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#305139 - 01/17/18 01:14 AM Re: Moderation and good will [Re: jgw]
pondering_it_all Offline
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Registered: 02/27/06
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A state gets electors for each congressional district and two for their Senators, but I think the allocation for each state is based on the popular state-wide vote. Some states are winner-take-all and some are proportional, but I don't see how gerrymandering could affect the way electors vote.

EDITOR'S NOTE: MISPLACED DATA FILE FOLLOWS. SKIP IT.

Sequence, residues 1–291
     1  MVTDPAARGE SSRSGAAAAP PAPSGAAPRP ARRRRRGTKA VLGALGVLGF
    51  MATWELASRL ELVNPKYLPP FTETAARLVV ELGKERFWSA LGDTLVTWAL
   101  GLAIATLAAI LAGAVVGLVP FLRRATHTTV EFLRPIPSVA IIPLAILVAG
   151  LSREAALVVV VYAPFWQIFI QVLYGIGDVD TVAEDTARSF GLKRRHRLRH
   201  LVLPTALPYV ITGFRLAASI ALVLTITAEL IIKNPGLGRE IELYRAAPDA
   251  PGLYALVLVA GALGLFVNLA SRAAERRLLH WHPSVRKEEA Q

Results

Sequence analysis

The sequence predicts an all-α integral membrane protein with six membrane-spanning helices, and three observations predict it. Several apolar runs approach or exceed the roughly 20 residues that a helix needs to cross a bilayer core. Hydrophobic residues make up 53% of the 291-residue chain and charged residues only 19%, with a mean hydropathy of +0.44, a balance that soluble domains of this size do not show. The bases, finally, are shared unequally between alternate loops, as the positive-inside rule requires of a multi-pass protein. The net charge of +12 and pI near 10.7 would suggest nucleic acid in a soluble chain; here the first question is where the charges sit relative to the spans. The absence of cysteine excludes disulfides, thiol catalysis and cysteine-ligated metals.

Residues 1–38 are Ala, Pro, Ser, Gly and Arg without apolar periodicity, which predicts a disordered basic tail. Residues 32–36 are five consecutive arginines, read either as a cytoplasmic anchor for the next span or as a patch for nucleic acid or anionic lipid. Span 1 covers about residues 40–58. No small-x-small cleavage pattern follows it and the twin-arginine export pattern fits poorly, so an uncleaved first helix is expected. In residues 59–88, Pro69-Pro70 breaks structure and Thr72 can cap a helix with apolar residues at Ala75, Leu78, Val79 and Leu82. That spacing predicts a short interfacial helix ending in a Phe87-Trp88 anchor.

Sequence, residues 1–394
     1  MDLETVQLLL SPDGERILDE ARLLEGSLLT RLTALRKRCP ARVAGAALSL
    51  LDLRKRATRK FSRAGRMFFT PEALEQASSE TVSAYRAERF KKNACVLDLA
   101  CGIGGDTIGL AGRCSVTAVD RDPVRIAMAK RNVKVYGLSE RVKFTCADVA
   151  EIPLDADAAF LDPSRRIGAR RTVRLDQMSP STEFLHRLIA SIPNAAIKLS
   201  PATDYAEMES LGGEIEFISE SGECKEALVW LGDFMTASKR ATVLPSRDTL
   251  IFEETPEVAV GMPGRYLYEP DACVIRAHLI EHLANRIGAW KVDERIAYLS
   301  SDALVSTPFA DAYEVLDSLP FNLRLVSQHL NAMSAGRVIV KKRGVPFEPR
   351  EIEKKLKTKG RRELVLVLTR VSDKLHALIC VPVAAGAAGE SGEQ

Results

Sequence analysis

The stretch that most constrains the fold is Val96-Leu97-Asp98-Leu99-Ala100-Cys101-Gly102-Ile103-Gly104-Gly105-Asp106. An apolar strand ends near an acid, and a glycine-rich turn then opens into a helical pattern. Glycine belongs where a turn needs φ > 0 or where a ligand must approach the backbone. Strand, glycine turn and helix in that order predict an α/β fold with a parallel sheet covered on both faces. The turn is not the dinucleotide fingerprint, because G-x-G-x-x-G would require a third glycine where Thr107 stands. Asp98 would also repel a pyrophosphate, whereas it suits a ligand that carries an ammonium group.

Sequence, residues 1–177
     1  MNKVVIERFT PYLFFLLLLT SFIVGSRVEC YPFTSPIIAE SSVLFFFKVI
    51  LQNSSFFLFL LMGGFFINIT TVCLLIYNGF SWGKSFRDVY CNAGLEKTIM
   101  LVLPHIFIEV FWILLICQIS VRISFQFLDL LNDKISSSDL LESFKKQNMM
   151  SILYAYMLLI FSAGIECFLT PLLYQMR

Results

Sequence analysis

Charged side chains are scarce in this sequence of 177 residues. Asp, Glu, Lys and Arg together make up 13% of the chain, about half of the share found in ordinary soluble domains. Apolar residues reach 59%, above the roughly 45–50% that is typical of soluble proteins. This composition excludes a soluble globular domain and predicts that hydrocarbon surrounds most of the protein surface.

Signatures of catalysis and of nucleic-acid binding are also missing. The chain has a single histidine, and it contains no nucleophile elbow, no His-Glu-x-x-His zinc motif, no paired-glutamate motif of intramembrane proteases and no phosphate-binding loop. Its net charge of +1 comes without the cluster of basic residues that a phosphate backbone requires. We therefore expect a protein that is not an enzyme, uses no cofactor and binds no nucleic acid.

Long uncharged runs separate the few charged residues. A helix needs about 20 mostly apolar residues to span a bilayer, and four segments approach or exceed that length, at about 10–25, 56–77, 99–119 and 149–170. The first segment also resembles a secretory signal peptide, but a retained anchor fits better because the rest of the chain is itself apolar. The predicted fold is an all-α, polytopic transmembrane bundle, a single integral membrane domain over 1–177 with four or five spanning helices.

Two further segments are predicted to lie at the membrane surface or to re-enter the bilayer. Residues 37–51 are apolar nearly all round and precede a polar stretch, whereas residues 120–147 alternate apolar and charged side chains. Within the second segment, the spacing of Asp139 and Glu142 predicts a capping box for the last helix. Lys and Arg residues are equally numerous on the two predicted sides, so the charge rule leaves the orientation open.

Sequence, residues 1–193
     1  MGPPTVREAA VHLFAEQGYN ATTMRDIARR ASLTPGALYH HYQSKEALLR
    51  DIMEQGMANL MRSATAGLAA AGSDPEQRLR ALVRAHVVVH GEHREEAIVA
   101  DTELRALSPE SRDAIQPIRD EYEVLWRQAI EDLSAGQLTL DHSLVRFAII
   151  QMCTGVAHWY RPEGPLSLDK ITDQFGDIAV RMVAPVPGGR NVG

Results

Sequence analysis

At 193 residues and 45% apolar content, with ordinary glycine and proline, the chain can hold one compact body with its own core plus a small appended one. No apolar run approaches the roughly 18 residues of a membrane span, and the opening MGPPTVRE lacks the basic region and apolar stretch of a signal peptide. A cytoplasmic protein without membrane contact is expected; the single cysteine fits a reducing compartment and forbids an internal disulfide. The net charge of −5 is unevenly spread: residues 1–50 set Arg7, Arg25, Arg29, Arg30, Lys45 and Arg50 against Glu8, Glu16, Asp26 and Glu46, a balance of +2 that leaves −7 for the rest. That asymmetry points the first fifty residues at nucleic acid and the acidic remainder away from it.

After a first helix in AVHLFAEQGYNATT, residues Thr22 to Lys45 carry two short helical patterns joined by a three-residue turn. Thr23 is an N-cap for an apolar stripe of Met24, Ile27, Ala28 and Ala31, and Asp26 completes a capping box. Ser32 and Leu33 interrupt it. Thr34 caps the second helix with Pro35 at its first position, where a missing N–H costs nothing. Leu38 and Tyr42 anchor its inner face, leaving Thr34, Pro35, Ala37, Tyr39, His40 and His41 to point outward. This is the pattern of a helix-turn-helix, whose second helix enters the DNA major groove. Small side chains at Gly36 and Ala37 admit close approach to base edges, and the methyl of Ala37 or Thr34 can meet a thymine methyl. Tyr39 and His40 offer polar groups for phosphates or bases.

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#305247 - 01/23/18 03:54 AM Re: Moderation and good will [Re: jgw]
Jeffery J. Haas Online   sick


Pooh-Bah

Registered: 08/03/04
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Loc: Whittier, California
But it has most definitely distorted city, county, state and Congressional representation and that gets expressed in all mid-term, city, county and state elections, and it also has a distorting influence on who gets seated in the courts.